Just last week I noted how San Diego was struggling to implement its managed competition program. Unfortunately, the city has suffered yet another setback. The California Public Employment Relations Board has ruled that the administration did not bargain in good faith with the city’s unions and did not follow proper impasse procedures in its efforts to implement the program. This, despite the fact that the city had undergone 68 bargaining sessions over the course of 130 days before the city attorney advised the mayor to stop negotiating. As voiceofsandiego.org reports,
Specifically, the ruling stated that Sanders must rescind the managed competition guidebook completed in late 2007, which includes the statements of work for individual city services, and start over again at the bargaining table with the unions. The ruling also requires that City Council hold proper impasse hearings on managed competition and on a charter amendment passed in 2006 that requires voters to approve increases in pension benefits.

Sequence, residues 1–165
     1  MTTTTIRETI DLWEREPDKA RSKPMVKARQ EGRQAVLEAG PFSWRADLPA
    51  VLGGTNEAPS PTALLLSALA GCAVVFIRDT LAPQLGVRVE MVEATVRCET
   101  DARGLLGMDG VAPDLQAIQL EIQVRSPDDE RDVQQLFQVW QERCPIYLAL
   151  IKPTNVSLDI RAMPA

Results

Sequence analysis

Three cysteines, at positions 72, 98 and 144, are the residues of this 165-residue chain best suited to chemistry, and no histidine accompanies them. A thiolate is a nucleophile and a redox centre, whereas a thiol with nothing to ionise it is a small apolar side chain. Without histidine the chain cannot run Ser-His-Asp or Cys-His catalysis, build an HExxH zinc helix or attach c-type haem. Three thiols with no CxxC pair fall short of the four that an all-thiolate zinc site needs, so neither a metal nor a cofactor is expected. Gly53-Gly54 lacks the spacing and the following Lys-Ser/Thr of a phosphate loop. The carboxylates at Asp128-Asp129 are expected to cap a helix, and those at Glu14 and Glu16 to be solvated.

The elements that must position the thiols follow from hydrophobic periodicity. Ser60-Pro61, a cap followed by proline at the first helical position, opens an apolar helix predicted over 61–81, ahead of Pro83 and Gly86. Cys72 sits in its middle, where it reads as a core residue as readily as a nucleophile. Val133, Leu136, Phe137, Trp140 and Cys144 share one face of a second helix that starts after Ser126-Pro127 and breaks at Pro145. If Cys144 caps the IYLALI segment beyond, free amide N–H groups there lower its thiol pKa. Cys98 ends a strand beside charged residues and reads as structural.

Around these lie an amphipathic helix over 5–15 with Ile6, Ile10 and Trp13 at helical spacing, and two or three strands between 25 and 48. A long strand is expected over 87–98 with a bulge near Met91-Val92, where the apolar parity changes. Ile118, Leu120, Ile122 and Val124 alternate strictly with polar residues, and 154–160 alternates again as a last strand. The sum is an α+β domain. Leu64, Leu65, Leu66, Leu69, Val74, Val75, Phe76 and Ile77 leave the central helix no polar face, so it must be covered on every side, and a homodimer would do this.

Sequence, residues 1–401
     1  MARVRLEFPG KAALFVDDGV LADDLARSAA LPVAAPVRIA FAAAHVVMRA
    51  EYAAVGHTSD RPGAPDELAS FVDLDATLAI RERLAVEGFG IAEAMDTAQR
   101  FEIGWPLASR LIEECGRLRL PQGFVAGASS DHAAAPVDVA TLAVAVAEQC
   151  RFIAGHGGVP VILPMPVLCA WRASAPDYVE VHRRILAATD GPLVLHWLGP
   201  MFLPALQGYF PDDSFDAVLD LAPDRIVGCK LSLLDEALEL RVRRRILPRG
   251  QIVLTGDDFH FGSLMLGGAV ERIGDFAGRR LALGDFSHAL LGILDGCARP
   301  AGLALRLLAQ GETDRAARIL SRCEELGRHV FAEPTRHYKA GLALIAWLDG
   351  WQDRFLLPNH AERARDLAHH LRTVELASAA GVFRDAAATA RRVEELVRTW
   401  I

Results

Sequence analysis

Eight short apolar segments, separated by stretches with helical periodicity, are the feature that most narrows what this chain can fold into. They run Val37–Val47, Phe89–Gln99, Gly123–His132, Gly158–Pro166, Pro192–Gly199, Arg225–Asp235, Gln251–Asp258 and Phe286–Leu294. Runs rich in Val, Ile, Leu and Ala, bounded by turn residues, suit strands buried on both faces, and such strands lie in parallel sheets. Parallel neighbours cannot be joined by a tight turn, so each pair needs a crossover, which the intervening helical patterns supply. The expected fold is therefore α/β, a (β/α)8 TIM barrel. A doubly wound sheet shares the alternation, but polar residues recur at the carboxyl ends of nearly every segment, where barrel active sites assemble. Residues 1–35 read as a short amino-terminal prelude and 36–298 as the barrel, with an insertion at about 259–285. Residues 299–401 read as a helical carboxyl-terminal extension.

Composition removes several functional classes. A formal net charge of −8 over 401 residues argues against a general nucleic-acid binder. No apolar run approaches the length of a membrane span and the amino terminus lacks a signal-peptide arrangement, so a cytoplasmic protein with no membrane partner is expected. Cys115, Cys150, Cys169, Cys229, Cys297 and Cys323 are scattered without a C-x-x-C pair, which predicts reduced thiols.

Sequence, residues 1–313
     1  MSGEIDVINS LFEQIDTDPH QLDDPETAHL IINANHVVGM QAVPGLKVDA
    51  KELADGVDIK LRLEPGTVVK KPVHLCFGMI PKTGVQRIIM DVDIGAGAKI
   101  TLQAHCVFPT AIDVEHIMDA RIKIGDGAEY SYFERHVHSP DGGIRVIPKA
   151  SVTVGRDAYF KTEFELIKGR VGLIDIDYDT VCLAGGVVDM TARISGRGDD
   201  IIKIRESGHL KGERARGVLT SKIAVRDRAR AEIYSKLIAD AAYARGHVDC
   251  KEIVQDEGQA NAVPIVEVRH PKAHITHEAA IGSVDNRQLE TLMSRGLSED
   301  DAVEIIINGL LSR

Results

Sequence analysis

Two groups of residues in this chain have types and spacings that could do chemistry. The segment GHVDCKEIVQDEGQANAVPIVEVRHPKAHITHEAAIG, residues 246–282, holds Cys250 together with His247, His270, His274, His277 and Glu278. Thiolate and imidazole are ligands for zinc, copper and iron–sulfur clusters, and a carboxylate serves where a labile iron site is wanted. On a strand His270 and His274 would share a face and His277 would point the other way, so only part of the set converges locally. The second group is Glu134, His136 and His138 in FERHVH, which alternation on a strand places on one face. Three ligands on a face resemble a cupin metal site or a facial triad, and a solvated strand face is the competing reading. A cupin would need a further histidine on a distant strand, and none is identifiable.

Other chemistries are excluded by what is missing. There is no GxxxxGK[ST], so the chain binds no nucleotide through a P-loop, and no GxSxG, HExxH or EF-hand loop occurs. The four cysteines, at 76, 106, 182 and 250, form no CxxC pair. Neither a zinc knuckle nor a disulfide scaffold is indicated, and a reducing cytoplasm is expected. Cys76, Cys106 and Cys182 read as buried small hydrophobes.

So, in effect, a state government administrative court has ruled that city employees’ labor unions have veto power over the implementation of a program overwhelmingly approved by voters who felt that the city employees were not providing certain services efficiently enough in the first place. Mayor Jerry Sanders has reportedly decided not to appeal the ruling, although the administration is consulting independent legal counsel. When voters approved the managed competition measure in November 2006, Mayor Sanders predicted that private-sector bidders would be competing to provide city services by the summer of 2007. It is now over a year and nine months later and the city has yet to complete a single competition. The PERB decision is expected to delay implementation of the managed competition program by at least several more months. The city labor unions have been stonewalling the competition process and fighting tooth and nail every step of the way. Apparently, they are terrified of actually having to compete with the private sector to provide city services. That should tell you all you need to know about San Diego’s bloated budget and fiscal problems. For more on San Diego’s managed competition program, see this article (pp. 25-26) from Reason’s Annual Privatization Report 2008 and the study “Streamlining San Diego: Achieving Taxpayer Savings and Government Reforms Through Managed Competition,” published last year by Reason Foundation and the San Diego Institute for Policy Research.